Alexander X. Douglas offers a new understanding of Spinoza's philosophy by situating it in its immediate historical context. He defends a thesis about Spinoza's philosophical motivations and then bases an interpretation of his major works upon it. The thesis is that much of Spinoza's philosophy was conceived with the express purpose of rebutting a claim about the limitations of philosophy made by some of his contemporaries. They held that philosophy is intrinsically
incapable of revealing anything of any relevance to theology, or in fact to any study of direct practical relevance to human life. Spinoza did not. He believed that philosophy reveals the true nature of God, and that God is nothing like what the majority of theologians, or indeed of religious
believers in general, think he is. The practical implications of this change in the concept of God were profound and radical. As Douglas shows, many of Spinoza's theories were directed towards showing how the separation his opponents endeavoured to maintain between philosophical and non-philosophical (particularly theological) thought was logically untenable.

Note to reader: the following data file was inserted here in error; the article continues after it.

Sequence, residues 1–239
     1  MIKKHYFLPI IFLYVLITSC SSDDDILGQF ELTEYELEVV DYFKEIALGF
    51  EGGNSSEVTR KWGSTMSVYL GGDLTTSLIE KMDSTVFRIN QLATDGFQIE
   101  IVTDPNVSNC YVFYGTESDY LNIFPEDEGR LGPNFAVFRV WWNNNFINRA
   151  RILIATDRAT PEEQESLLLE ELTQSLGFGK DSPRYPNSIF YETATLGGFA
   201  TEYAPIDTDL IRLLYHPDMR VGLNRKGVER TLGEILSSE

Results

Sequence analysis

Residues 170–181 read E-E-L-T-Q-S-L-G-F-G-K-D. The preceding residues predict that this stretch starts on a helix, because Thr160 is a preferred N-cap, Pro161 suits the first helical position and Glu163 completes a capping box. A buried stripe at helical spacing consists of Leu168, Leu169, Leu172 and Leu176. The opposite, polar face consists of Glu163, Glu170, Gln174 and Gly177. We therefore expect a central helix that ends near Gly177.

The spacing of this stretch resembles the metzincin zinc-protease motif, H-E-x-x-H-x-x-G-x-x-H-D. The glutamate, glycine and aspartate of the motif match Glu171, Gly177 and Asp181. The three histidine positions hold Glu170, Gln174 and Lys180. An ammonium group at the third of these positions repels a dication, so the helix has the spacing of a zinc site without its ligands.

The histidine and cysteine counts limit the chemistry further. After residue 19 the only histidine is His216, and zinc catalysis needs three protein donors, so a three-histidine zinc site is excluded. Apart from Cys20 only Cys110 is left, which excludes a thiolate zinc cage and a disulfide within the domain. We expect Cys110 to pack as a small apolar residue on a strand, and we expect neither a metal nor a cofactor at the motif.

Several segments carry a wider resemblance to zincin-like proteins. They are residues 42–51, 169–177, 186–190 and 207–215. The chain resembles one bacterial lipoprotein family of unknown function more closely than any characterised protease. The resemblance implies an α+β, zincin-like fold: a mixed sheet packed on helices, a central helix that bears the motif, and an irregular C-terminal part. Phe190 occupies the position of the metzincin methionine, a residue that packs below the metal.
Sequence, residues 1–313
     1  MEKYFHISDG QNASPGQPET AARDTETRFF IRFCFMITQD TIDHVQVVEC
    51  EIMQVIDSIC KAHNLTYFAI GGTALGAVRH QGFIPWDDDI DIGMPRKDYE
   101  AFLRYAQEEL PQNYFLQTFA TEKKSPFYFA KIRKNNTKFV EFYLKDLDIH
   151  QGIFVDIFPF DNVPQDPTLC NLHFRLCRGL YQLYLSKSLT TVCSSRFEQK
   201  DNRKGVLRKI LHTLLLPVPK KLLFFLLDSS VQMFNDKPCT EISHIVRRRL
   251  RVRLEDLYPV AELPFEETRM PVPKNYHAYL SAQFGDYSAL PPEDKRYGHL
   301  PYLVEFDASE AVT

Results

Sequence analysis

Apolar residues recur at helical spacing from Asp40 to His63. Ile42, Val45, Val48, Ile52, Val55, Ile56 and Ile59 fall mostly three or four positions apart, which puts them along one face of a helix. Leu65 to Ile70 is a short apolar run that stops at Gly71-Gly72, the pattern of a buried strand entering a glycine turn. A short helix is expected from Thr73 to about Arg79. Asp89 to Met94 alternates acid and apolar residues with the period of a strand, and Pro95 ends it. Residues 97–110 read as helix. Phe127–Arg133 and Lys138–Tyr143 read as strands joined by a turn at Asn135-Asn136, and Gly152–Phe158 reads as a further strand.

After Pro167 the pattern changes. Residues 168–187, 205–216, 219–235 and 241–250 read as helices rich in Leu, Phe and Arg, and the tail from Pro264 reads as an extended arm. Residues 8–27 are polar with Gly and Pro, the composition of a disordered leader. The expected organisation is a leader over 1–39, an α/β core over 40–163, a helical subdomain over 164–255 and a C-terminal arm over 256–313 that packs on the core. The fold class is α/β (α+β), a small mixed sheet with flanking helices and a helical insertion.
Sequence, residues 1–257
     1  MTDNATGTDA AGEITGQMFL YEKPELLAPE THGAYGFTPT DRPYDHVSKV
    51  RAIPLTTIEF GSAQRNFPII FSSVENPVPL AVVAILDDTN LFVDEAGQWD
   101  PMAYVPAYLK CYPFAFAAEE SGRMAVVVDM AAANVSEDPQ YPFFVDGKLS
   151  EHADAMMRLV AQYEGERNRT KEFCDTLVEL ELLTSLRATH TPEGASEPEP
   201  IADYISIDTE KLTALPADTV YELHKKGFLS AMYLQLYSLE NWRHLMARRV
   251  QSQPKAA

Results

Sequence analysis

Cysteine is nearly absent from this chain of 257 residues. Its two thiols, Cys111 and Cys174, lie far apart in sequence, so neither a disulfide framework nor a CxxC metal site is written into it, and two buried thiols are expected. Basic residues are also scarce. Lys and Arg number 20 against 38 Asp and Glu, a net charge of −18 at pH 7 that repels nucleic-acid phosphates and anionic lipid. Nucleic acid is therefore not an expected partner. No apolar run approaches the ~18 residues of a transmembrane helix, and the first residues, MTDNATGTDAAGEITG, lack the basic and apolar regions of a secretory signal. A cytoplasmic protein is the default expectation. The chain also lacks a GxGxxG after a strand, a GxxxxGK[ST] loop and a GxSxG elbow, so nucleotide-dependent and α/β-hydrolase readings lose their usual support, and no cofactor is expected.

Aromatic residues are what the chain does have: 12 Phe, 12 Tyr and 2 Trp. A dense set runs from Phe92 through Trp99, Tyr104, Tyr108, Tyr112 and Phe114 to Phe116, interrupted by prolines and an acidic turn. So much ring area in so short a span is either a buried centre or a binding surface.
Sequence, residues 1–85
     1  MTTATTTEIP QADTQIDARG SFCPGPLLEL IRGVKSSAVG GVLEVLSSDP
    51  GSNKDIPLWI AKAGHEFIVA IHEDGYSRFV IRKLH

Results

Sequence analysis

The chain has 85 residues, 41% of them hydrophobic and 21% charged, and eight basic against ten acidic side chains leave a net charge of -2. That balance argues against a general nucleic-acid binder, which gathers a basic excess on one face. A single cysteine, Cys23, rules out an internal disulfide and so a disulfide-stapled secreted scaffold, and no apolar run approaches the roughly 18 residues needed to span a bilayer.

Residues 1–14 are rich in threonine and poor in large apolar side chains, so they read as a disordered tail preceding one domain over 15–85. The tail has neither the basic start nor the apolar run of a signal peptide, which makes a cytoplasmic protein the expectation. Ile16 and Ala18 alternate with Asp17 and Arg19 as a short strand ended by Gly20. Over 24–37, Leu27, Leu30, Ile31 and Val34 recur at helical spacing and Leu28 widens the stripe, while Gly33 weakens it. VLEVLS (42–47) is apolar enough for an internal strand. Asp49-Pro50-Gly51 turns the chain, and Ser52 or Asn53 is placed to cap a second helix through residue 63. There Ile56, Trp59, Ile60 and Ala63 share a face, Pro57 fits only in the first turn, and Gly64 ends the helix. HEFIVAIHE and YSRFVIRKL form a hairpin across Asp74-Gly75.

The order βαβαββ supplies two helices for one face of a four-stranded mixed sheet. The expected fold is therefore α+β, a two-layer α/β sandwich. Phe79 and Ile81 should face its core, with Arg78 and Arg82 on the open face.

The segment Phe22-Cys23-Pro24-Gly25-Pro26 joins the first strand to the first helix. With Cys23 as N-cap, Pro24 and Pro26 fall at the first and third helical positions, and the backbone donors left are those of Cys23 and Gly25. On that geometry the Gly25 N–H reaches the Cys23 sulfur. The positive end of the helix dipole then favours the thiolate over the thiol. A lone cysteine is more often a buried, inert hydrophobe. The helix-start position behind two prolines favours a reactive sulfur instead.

Alexander X. Douglas is currently a Lecturer in Philosophy at Heythrop College, London. His primary research focuses on early modern philosophy and the philosophy of social science.
Introduction ; 1. The Utrecht Crisis: Natural Theology and Cartesianism ; 2. The Dutch Cartesians and the Separation Thesis ; 3. The Metaphysical Thoughts ; 4. The Tractatus Theologico-Politicus ; 5. The Ethics and the Anti-Spinoza ; Epilogue: Empiricism ; Bibliography ; Index